In order to support these investments, outdated policies that give preferential treatment to solar customers must be changed, Ridout added.
Ohio rejects AEP's subsidized coal plant proposal
Today, there are relatively few rooftop solar customers in the 11 states in which AEP operates. Of AEP’s more than 5.3 million customers, the utility has just 73 and 74 net metered residential customers in West Virginia and Indiana, respectively. The utility has fewer than 35 net metered customers in Michigan, Tennessee and Kentucky combined.
Given that solar is so nascent in these states, it’s unlikely to be harming the grid. When asked why AEP was campaigning for policy change in such markets, Ridout said that while solar is only just starting to take off in some states, the regional grid is already changing, and the costs of those changes need to be borne by all who use it.
“The grid operates on a regional basis, so it doesn’t stop at state lines,” she said. “Changes need to be made now to the grid to make it so distributed generation can continue to grow.”
A more contentious point for some is that AEP is opposing incentives for solar while requesting public support for its coal plants.
Last week, the Public Utilities Commission of Ohio (PUCO) rejected AEP’s controversial proposal seeking guaranteed income for one of its coal-fired power plants. Consumer and environmental groups opposed the plan, claiming that it would put the risk of the costly, aging plants on ratepayers.
AEP claimed the move would give ratepayers more control of their energy and, in the long run, provide a net benefit of $8.4 million. Opposition groups asserted the plants could cost Ohio residents and businesses more than $100 million.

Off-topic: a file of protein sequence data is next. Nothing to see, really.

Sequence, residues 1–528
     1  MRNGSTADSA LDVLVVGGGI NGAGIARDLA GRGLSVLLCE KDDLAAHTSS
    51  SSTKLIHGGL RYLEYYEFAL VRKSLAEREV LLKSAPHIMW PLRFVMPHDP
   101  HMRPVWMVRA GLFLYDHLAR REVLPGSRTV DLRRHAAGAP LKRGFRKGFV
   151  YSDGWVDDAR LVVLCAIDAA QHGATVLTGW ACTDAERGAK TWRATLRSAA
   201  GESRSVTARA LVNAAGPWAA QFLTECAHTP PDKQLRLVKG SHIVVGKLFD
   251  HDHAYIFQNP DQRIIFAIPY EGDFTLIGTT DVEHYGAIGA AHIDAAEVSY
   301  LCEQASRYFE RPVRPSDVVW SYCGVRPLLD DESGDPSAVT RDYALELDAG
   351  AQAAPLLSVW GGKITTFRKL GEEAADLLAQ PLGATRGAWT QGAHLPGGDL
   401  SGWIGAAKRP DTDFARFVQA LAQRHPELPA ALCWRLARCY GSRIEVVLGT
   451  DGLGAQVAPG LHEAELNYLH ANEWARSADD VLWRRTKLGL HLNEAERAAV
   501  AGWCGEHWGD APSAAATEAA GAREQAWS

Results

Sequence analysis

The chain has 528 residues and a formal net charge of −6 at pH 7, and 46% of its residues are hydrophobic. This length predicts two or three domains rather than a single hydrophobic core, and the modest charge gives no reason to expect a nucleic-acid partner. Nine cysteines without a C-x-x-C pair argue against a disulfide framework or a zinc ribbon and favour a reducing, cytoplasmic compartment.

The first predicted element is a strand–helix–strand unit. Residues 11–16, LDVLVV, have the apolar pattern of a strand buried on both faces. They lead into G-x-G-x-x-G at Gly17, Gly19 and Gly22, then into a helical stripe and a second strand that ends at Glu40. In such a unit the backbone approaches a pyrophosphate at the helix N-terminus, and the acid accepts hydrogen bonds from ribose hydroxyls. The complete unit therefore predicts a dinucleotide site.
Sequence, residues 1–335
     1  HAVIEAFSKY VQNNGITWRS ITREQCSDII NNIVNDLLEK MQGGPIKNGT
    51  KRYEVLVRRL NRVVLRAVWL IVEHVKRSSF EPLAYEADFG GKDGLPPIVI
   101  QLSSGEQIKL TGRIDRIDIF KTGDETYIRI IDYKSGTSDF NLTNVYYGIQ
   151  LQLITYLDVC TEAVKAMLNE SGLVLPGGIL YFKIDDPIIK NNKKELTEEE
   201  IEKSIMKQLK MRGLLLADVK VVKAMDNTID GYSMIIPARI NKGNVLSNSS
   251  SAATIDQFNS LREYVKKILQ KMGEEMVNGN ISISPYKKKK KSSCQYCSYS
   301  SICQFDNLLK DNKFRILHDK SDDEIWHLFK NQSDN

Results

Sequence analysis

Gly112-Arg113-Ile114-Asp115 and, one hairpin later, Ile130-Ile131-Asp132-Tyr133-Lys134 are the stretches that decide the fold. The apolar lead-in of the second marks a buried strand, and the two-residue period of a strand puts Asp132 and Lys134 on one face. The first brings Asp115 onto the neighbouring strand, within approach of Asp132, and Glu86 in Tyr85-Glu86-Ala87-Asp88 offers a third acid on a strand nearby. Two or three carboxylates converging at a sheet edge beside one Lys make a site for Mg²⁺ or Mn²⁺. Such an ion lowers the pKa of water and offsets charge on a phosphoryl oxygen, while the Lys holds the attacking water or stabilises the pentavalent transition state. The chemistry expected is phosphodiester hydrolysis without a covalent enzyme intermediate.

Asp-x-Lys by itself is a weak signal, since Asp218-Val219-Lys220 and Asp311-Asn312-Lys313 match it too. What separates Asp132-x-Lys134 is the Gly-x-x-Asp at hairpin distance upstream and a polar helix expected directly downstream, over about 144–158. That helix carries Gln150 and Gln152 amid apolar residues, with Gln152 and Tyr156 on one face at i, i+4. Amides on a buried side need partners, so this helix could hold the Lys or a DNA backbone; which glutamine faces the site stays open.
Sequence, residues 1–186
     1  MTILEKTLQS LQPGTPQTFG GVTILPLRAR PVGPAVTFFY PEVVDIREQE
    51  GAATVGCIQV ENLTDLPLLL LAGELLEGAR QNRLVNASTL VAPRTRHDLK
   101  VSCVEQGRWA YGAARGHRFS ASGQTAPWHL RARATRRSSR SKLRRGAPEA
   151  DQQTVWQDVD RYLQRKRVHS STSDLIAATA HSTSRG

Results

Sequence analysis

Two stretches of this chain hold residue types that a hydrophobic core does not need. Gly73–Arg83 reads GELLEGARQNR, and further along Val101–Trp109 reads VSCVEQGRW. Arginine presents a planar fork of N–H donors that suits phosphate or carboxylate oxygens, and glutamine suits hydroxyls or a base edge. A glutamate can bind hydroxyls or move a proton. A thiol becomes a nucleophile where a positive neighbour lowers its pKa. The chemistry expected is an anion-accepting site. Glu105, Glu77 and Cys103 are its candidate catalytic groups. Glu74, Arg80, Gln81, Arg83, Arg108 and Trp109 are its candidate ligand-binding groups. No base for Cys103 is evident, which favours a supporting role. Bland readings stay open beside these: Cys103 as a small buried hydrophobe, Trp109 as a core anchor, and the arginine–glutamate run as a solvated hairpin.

“Ohio has been through a process of moving to a competitive market, so the proposal was one way to address what could be a big problem in the state when a lot of generation is shut down and we’re going to have to start importing power into the state,” said Ridout.
AEP has not determined how it will proceed with the coal plant proposal, she said. Duke Energy and FirstEnergy have similar proposals pending before PUCO. AEP is also exploring options for selling off its coal plants.
“This is a desperate company, in a desperate financial situation, seeking desperate things,” said TASC's Miller.
TASC claims that AEP has bought politicians to protect its “fossil fuel monopolies.” The group has homed in on Oklahoma politician Mike Turner, who supported state legislation for higher fixed charges on solar customers, and then went on to lose his bid for Congress. TASC released a video calling attacks on solar policies toxic to lawmakers.
But while Turner sought to increase solar fees, the 27-year-old Congressional hopeful, whose campaign was backed by his parents, also introduced a bill to ban all marriages in Oklahoma and claimed to have business experience that media outlets could not substantiate. So it’s reasonable to contend that his stance on solar might not have been the only reason he wasn’t elected.
Ridout called TASC’s allegations that the utility is buying politicians “ridiculous.”
“We obviously work with commissioners and commission staff in all of our states to try to do what’s best for customers,” she said. “We also educate lawmakers on the issues, just like any other company.”
While some states, such as South Carolina, have found ways for utilities and the solar industry to work together, clashes over solar policies are likely to intensify in many parts of the country this year. As factions on both sides of the debate resort to hard-line tactics and smear campaigns, ratepayers are struck in middle grappling with conflicting information.